The Very Revd Robert Leslie Pollington Milburn, MA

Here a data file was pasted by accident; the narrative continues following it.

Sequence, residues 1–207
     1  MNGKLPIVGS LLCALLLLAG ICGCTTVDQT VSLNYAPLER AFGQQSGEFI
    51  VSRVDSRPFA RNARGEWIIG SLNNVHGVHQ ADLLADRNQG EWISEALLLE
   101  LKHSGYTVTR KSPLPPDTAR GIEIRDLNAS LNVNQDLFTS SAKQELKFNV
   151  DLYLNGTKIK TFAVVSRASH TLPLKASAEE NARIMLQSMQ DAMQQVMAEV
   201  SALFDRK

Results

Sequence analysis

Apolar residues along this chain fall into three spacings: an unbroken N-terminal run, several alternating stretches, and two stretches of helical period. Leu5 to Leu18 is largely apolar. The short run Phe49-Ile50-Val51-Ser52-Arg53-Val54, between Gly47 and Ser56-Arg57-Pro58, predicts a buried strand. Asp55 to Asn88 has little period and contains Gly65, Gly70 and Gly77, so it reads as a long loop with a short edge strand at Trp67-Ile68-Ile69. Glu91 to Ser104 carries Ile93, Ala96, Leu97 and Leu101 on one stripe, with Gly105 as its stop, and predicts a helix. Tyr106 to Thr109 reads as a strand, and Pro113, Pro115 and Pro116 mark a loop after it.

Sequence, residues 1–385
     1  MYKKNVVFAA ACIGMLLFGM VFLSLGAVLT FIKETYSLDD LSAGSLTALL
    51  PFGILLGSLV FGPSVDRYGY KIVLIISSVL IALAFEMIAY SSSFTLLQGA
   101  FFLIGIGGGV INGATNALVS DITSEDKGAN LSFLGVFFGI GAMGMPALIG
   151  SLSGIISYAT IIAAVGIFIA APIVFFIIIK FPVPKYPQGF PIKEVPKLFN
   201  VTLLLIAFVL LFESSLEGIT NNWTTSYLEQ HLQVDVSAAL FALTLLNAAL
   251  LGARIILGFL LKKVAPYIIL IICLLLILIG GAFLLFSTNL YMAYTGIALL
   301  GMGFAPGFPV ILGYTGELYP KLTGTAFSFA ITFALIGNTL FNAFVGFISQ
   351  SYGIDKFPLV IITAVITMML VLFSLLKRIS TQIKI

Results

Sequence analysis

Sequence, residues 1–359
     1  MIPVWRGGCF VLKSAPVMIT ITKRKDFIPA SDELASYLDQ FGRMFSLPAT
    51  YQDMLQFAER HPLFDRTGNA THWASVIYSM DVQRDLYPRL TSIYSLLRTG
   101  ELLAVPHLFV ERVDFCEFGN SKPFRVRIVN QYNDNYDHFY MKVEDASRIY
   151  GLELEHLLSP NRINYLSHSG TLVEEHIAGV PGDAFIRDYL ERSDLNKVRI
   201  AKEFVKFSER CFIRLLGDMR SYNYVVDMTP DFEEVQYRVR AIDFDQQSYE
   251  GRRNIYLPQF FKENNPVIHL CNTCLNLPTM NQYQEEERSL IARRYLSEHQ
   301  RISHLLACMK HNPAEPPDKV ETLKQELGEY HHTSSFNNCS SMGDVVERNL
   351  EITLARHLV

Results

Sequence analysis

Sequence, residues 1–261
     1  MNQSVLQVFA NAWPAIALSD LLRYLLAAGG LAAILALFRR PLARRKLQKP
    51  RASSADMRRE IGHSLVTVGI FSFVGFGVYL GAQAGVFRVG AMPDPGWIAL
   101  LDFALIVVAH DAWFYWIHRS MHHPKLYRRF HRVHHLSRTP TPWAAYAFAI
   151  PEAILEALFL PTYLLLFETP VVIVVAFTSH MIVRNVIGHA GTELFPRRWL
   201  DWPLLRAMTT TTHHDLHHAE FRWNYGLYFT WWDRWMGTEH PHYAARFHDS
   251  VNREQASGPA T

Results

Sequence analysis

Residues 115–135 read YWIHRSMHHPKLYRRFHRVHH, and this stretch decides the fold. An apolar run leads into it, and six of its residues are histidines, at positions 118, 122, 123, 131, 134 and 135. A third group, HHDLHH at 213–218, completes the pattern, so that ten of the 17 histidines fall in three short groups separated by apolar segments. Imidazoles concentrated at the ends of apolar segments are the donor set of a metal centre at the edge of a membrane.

Robert Milburn was born in Northumberland on 28 July 1907 but spent most of his youth in Norfolk. He was educated at Oundle and Sidney Sussex College, Cambridge, and taught for two years at Eton before being ordained. Then, in 1934, began his association with Worcester College, Oxford, which lasted for twenty-three years and necessitated the wearing of a number of different hats in addition to his dog-collar. He was Fellow and chaplain 1934–57; tutor 1945–57; junior bursar 1936–46; estates bursar 1946–57 and finally, Honorary Fellow from 1978 until his death. Milburn was a member of Oxford City Council from 1941 to 1947, when he was appointed university lecturer in church history, a post he held for ten years. During this time he published Saints and their Emblems in English Churches (1949) and his Bampton Lectures delivered in 1952, Early Christian Interpretations of History (1954). When Milburn was appointed Dean of Worcester in 1957 he reacted to the beauty of his surroundings – the magnificent cathedral and elegant eighteenth-century deanery – in traditional, not to say Trollopian, style even to appearing regularly in breeches, gaiters and frockcoat. The manicured lawn was soon turned over to croquet now that Milburn’s performance at tennis, squash and fives was not as vigorous as it used to be, but he could still overcome most opponents at croquet through a mixture of dexterity and un-Christian low cunning. His churchmanship was rather more up to date but still of the traditional, middle-of-the road, 1662 prayer book genre, though his sermons were anything but commonplace: lucid, felicitously expressed, thoughtful and sincere; services were dignified and the choral music superlative. Milburn’s interest in church architecture was first aroused as a schoolboy, walking and cycling in the countryside, and care of the fabric at Worcester was a priority. As one would expect of Milburn, honest preservation and restoration projects were carried out, particularly in the tower and crypt, regardless of fashionable trends. Milburn was again involved in city affairs, particularly schools, and was instrumental in founding the Worcester Civic Society. After eleven years as Dean, and declared Emeritus, he was appointed Master of the Temple in London in 1968 where he was happily at home in the company of the barristers and benchers; he enjoyed dining with them in the historic halls of the Inner and Middle Temple and, echoes of his chaplaincy at Worcester College, the pastoral care of the bar students was rewarding on both sides. The quality of the music at the Temple Church in the sixties and seventies was renowned far beyond the boundaries of the city parish. Under the directorship of Dr George Thalben-Ball, it attracted visitors to the services, recitals were regularly broadcast by the BBC and, shortly before his retirement in 1980 Milburn established an appeal fund to put the church and its choir on a firm financial footing. While in London, Milburn served as a trustee of the Wallace Collection from 1970 to 1976 and as Grand Chaplain of the United Grand Lodge of England in 1969, while spending much time researching his book, Early Christian Art and Architecture. The publication was delayed by the bankruptcy of the original publisher and subsequent frustrations and did not appear until 1988 when the constant disappointments had blunted his appetite for seeing this fine work of scholarship in print. He and his wife tried retirement in a Herefordshire farmhouse but the upkeep of the old house and large garden defeated them and in 1985 they moved to the Beauchamp Community in familiar territory at Newland, near Malvern. After his wife’s death, Milburn moved to a nursing home, his capacious mind still alert when he died on 14 February 2000, aged ninety-two.